Plan Wisely – Something you should note as you plan your trip is that special buildings such as temples, shrines, and castles close between 4PM-5PM. This means that if you don’t want to run risk of being shut out of any places, it makes sense to do these sights earlier in the day.
Fushimi Inari – Now what’s unique about this cascade of red torii gates is that there’s no official closing time here so when planning your day, slot this towards the end of the day so you can still see your temples, shrines and castles and then round out the day exploring Fushimi Inari. For the photographers out there, Fushimi Inari is absolutely stunning for photos.
Travel Advice on Hiroshima
Photography at Miyajima – One thing that people say about photographing Miyajima and the floating torii is that you have to decide whether you want to shoot it with the tide up or down. I didn’t have the luxury of choosing when I went so this was a non-factor for me but if you want to shoot it at high tide, go in the morning. If you want to see it at low tide and be able to walk right up to the gate, you’ll want to be there in the late afternoon. Of course the time of the year matters as well but I believe the tide trend should stay the same.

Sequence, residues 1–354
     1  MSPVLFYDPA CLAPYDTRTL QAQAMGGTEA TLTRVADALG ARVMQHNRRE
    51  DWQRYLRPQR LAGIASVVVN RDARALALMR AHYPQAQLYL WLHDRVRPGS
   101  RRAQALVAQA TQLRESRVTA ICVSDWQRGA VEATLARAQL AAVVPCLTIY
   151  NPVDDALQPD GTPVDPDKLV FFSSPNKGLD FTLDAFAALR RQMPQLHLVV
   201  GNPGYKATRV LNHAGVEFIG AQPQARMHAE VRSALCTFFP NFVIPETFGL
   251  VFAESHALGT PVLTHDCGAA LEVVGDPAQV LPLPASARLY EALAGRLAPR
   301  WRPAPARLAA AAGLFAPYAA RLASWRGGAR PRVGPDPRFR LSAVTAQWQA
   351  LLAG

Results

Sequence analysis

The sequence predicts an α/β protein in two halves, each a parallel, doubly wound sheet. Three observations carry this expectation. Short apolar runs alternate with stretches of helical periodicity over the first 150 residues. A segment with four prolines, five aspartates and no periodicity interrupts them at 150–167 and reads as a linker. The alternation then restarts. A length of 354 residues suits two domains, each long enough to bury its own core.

Why Hiroshima? – Hiroshima is definitely something not to miss if you’re going to be in the Osaka region. Even if you’re not a WWII history buff, the atomic bomb history is thoroughly interesting and of course Miyajima is beautiful.
Remembering – The atomic bomb monuments, museums, and park can done in half a day so if you have a full day in Hiroshima, you can easily do both the atomic bomb sights and Miyajima island.
Travel Advice on Hakone
Hakone Free Pass – If you’re going to be going to Hakone and going to do the round-the-city tour like we did, this is the one to get. 5000 JPY can’t be beat. Get an earlier start than we did and in one day you can pretty much see all the main sights and activities in Hakone.
Hot Springs for Couples – Do your research beforehand and if you’re not sure, ask your concierge if you have any questions or get them to call to get the answers. If you’re looking for hot springs for couples, they are rare in Hakone. The onsen we ended up choosing was Tenzan and they had them available but only for 2 hour time slots. On top of that, you can only reserve them when you get there. There are only 3 or 4 of these type of rooms but you only get one temperature pool and that’s it. We opted to go to the regular onsen area as we wanted to experience it to its fullest (nude and all).